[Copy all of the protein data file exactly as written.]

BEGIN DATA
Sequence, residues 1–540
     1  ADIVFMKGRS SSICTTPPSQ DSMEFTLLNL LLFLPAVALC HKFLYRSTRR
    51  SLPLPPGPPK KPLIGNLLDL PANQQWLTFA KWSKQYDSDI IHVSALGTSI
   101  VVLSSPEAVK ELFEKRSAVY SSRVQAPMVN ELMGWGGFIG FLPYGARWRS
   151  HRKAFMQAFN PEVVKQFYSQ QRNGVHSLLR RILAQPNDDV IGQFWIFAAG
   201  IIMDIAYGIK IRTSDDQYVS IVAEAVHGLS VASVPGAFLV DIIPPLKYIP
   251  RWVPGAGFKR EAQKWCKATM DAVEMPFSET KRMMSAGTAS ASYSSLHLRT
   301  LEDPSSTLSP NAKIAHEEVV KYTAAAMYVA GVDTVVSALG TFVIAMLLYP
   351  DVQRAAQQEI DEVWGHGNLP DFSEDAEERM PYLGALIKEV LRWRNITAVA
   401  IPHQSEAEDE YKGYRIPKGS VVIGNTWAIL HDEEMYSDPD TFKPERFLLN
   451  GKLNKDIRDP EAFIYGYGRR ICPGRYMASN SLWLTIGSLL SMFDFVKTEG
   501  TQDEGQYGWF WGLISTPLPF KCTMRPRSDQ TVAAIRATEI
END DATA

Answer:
Sequence, residues 1–540
     1  ADIVFMKGRS SSICTTPPSQ DSMEFTLLNL LLFLPAVALC HKFLYRSTRR
    51  SLPLPPGPPK KPLIGNLLDL PANQQWLTFA KWSKQYDSDI IHVSALGTSI
   101  VVLSSPEAVK ELFEKRSAVY SSRVQAPMVN ELMGWGGFIG FLPYGARWRS
   151  HRKAFMQAFN PEVVKQFYSQ QRNGVHSLLR RILAQPNDDV IGQFWIFAAG
   201  IIMDIAYGIK IRTSDDQYVS IVAEAVHGLS VASVPGAFLV DIIPPLKYIP
   251  RWVPGAGFKR EAQKWCKATM DAVEMPFSET KRMMSAGTAS ASYSSLHLRT
   301  LEDPSSTLSP NAKIAHEEVV KYTAAAMYVA GVDTVVSALG TFVIAMLLYP
   351  DVQRAAQQEI DEVWGHGNLP DFSEDAEERM PYLGALIKEV LRWRNITAVA
   401  IPHQSEAEDE YKGYRIPKGS VVIGNTWAIL HDEEMYSDPD TFKPERFLLN
   451  GKLNKDIRDP EAFIYGYGRR ICPGRYMASN SLWLTIGSLL SMFDFVKTEG
   501  TQDEGQYGWF WGLISTPLPF KCTMRPRSDQ TVAAIRATEI